Last month, with this feature we placed special emphasis on the women championing the creative arts revolution taking place in Afrika and the Diaspora. Naturally, we balance things this month with a focus on the exemplary men of this movement. From the more popular faces of Akin Omotso and Lancelot Oduwa Imasuen to the lesser known names such as Kene Mkparu and Panji Anoff, #ThinkPositive seeks to highlight both those on the forefront as well those pulling crucial strings behind the scenes.
Much like the development of the African film industry, Akin Omotso established himself with little or nothing readily at his disposal. After completing a diploma in Speech and Drama at the University of Cape Town, Omotso was cast in the play “Sunjata”, a performance which won him The Fleur du Cap Award for Most Promising Student and launched his career in the performing arts. Shortly after, he directed three short films before going on to create his first feature film, God is African. Having limited resources at the time, Omotso was forced to make it a low budget film. After premiering the film in 2003, Omotso along with two partners started a production company T.O.M. Pictures.
The first project for the company, Craig Freimond’s Gums and Noses went on to win Best South African Film at the New York Independent Film Festival in 2004. Other notable works created by Akin include Gathering The Scattered Cousins, a documentary made in tribute to his mother which was screened at the acclaimed Toronto Film Festival. Omotso has also made a name for himself with his work in front of the camera, appearing in Operation Delta Force 5, Random Fire, Lord of War, Blood Diamond and Shake Hands with the Devil to name a few films. He is also no stranger to the South African small screen having starred in Isidingo, Generations, Double Shift and Jacob’s Cross.
Founder and CEO of Ghana’s Pidgen Music, Panji Anoff has seemingly done or tried it all. After graduating from the University College London with a degree in Mechanical Engineering, Anoff went on to professions in; journalism with major media houses, scriptwriting and editing in the UK, film directing and currently music. He has long been a vocal advocate in the call for greater support of Ghanian popular music and apart from being the head of one of the most successful artist management companies in the country, Panji also serves as a producer, songwriter and sound engineer. Outside all of this, he has also worked as tour manager, promoter and club operator in the US. Even with all his contributions, Anoff remains devoted to building Ghana’s music industry.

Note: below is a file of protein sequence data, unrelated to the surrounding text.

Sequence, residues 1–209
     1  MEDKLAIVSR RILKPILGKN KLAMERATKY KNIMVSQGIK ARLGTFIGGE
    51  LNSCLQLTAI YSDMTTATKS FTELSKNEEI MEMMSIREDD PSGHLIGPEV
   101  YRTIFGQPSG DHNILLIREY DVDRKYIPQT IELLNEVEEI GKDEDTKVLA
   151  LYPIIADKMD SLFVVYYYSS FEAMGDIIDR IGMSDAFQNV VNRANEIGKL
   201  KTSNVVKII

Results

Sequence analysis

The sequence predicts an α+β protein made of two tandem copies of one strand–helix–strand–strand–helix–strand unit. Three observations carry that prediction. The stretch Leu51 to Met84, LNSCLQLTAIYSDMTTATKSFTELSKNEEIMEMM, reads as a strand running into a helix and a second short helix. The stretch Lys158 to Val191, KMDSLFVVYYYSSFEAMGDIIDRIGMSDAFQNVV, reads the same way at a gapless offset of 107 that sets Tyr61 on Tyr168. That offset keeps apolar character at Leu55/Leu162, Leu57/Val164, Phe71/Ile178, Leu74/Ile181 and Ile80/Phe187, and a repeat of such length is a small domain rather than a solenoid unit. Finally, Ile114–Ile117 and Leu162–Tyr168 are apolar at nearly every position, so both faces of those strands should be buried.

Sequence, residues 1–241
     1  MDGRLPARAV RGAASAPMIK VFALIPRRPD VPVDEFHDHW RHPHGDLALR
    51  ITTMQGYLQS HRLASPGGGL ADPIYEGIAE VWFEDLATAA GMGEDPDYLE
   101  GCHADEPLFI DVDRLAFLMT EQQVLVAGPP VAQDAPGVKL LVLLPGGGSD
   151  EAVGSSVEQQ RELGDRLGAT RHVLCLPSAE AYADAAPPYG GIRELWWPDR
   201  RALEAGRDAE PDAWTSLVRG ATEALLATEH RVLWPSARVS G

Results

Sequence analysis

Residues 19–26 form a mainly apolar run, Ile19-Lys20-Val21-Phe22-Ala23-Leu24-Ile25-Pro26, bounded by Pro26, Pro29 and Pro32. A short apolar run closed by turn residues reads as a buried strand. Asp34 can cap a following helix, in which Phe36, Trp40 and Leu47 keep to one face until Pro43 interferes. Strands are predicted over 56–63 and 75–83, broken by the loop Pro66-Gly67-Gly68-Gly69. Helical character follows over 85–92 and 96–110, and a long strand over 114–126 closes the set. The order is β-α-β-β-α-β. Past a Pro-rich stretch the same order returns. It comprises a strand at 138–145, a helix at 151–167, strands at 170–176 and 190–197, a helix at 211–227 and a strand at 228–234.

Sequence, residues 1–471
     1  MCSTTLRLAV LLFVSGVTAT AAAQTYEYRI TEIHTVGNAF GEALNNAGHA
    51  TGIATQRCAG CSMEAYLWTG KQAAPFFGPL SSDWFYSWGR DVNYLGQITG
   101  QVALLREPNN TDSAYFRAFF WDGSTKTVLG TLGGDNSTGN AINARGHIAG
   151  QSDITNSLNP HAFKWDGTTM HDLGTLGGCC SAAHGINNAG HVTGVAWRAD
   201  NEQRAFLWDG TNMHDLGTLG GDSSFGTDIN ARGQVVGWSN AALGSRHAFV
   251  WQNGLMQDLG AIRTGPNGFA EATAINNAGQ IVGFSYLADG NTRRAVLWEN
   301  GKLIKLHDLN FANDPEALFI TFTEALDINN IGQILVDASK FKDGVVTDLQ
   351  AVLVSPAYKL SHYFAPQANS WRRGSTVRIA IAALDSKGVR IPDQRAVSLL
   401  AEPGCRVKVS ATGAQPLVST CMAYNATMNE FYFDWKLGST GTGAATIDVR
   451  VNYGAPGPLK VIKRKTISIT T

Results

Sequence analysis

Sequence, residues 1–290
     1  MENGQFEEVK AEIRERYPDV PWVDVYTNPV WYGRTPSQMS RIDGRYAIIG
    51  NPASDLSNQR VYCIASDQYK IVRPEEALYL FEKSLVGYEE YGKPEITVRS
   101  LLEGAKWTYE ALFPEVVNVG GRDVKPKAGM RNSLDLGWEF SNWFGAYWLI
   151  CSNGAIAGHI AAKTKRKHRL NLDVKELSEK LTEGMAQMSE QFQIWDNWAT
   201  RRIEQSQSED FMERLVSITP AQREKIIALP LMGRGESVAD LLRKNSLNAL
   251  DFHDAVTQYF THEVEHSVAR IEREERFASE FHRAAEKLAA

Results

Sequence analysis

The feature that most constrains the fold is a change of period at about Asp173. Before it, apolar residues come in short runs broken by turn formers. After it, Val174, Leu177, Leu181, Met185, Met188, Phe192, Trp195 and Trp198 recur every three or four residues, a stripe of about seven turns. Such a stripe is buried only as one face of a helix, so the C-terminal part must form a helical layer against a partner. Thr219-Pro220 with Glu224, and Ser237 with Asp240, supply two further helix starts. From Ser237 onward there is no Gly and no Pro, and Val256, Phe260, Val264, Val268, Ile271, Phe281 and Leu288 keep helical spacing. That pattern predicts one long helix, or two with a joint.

Gyedu Blay Ambolley
It seems Gyedu Blay Ambolley was destined to become a musician, when at the tender age of eight he taught himself to play his father’s flute and at age fourteen he became quite adept at playing the guitar under the tutelage of his uncle. Influenced by the popular jazz sounds emerging from the US in the sixties, he honed his talent and crafted the unique highlife sound called Simigwa Do, earning him the title “Simigwa Do Man”. After recording his first hit single in 1973, Ambolley went on to lead and tour with many bands, his unique style winning over fans across Afrika, the US and the UK. The hiplife musician has seventeen albums to his name and countless accolades including the prestigious “Lifetime Achievement Award” from the Charles R. Drew University of Medicine and Science in Los Angeles.
Clairmont Chung was born in Guyana attended high school there and then emigrated. He received his undergraduate degree from Columbia University and attended that school at the same time as Barack Obama. He does not recall the President. After 5 years of teaching in Bronx, NY, he entered Rutgers University School of Law. He graduated in 1994 and is admitted to the bars of New York and New Jersey. While at Columbia he completed a course in film and another in television in an attempt to graduate with his class rather than any interest in filmmaking. ’.
This film took him across the globe with trips to Afrika being the highlights. He claims to practice very little law or anything else. Instead, he blogs on African and Caribbean Diaspora issues, produced and directed this film, and works on assorted visual media and arts projects. He hosted two segments on local cable television in New Jersey. One covered the “law’ and the other mimicked a ‘Larry Kinglike’ talk show that included highlight interviews with Marcia Griffiths, Bounty Killa and Sizla. His blog is at www.rootsculturemedia.com. He complete a book featuring some of the interviews done in making this documentary film, Walter Rodney: A Promise of Revolution, Monthly Review Press, 2012. He has another in manuscript tentatively titled, Taken: African Descendants as Prisoners of the Wars on Drugs and Terror also in the pipelines.